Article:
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during last month's protests. also what it's like to try to save lives in syria. the heroes that go in after the bombs explode. dr. sanjay gupta went along with a group called the white helmets. they're risking their lives every single day. we'll talk to dr. gupta live next. unbelievable! toenail fungus? seriously? smash it with jublia! jublia is a prescription medicine proven to treat toenail fungus. use jublia as instructed by your doctor. look at the footwork! most common side effects include ingrown toenail, application site redness, itching, swelling burning or stinging, blisters, and pain. smash it! make the call and ask your doctor if jublia is right for you. new larger size now available.
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all right. now to the war in syria where our own dr. sanjay gupta just embedded with a group of volunteers who take huge risks. they risk their own lives to help others in one of the world's most dangerous places. when the bombs explode, these are the people that run right into the danger to rescue babyies trapped in rubble or parents with serious injuries. they offer anyone regardless of their political or religious
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affiliation, help. cnn's chief medical correspondent dr. sanjay gupta joins me now from istanbul. this is where these white helmets do their draintrain. it's remarkable. they started in 2013. they've saved over 12,000 lives. you know a lot about rescues like this. you just came back from nepal. what is unique about the rescues that they have to pull off? >> reporter: well, you know the story is quite extraordinary, poppy. i should point out the training actually takes place quite a bit south of here close to the border with syria. the people who are part of this organization are all syrian. they are local people who may come from the world of being a chef or being a plumber or electrician who just got sick and tired of their communities consistently getting bombed and having nowhere to turn. so they started organizing themselves and going and doing these rescues. over time they started getting more and more training to be able to do these rescues. to your question i think one of the biggest differences, you
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know after an earthquake for example, there's obviously concerns about aftershocks. that can really impede rescue efforts. here the concern is legitimately about more attacks. in fact poppy, there's something known as double taps which means a helicopter that's just dropped a bomb that these people are now rushing to try and rescue people from may have a second bomb on that helicopter and they wait until enough people have aggregated and drop that second bomb. so that -- it's a totally different dynamic in so many ways because of those double taps. >> is there a sense sanjay that they felt forgotten, that enough international aid was not coming? because i read they survive on very modest financing from the united states from britain, from some private donors. >> reporter: this organization a civilian organization is strapped for cash like so many others. frankly, the people who work as white helmets, this humanitarian organization they don't get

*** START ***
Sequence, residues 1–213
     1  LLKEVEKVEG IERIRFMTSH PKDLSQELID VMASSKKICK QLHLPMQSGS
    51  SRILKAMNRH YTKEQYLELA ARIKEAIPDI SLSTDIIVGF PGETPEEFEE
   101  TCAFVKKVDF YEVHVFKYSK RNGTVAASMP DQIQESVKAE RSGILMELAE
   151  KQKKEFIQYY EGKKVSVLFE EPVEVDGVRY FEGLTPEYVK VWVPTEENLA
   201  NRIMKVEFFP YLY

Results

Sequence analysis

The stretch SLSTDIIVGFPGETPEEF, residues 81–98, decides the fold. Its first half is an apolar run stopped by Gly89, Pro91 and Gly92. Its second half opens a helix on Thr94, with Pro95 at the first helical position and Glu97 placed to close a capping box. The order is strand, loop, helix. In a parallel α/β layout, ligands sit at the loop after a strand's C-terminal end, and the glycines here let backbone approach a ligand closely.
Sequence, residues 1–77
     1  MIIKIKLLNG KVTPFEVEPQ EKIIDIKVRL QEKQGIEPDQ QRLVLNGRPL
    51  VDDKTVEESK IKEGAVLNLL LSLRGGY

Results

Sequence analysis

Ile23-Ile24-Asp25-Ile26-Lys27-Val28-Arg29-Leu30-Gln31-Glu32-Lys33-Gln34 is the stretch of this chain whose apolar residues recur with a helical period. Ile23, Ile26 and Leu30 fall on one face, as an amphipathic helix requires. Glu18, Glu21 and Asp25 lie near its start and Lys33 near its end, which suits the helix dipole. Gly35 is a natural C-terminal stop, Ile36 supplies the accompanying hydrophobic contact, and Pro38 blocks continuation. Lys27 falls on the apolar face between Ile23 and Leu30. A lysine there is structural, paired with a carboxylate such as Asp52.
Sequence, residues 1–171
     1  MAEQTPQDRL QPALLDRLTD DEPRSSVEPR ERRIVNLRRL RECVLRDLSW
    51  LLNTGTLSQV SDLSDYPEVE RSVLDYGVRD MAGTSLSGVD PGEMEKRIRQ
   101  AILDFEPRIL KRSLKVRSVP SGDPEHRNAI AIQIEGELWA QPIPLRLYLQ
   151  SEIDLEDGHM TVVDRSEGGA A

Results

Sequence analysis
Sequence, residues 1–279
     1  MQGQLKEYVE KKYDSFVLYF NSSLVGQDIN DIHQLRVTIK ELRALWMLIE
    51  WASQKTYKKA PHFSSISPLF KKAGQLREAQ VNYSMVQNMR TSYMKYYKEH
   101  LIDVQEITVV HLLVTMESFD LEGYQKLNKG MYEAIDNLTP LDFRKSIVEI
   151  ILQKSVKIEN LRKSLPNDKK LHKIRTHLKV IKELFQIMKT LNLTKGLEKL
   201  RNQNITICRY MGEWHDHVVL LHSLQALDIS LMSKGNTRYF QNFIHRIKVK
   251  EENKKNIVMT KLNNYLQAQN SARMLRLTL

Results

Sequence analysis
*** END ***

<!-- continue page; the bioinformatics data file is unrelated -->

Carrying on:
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paid. it's all volunteer. they may start getting up to $100 a month starting in a few weeks, but that's been over a couple years, as you mentioned. as far as their attitudes towards the west and others it's hard to paint with one big brush everyone's attitude. i can tell you they welcomed me as a doctor. they let me tag along with their training which was fairly intense at times. i think that there has been an idea that maybe they've been forgotten. they recognize that there's this bifurcation between assad's regime and isis and exactly how that's going to play out, they don't know. but they take care of everybody. they cake care of soldiers from the government. they take care of anybody who's injured and that's sort of their primary motivation. >> what did they tell you, sanjay about whether they're hopeful. at this point, you're so far into the war in syria, right, coupled with the increasing threat from isis, the increase in terms of the territory isis has taken over. that with all they have to
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endure from the assad regime are they hopeful their country will come out of this? >> reporter: i think the best way to characterize that is it's sort of a one day at a time mentality. i asked that same question poppy. i think it's a really important question that you're asking. i would also say that there is an optimism among the white helmets. i think it's part of their dna frankly, in terms of who they are. one of the guys i met, a guy named amad he's 28 years old, a police officer. he's been working his way up through the ranks. every single one of these guys wanted to tell their story and talk about the people they had saved. when he started to tell his story, he also mentioned that he's getting married next week in syria. he's going to cross the border back into syria. he's going to get married. the whole group, 25 of these guys just busted out into applause hooting and hollering. it's an optimism that i think is certainly part of their dna, but it's also infectious.
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i think besides taking care of people they want to share that optimism with the people around them. you really did feel it poppy. >> yeah i can only imagine. you have to be or else the sadness and the misery will crush you. dr. sanjay gupta, thank you so much. and for all of you watching you're going to not want to miss sanjay's full report tonight on "ac 360." right here on cnn. fascinating. sanjay thank you. coming up next who started the fires? baltimore police now launching a search for those suspected of intentionally setting fire to businesses in baltimore during those heated protests.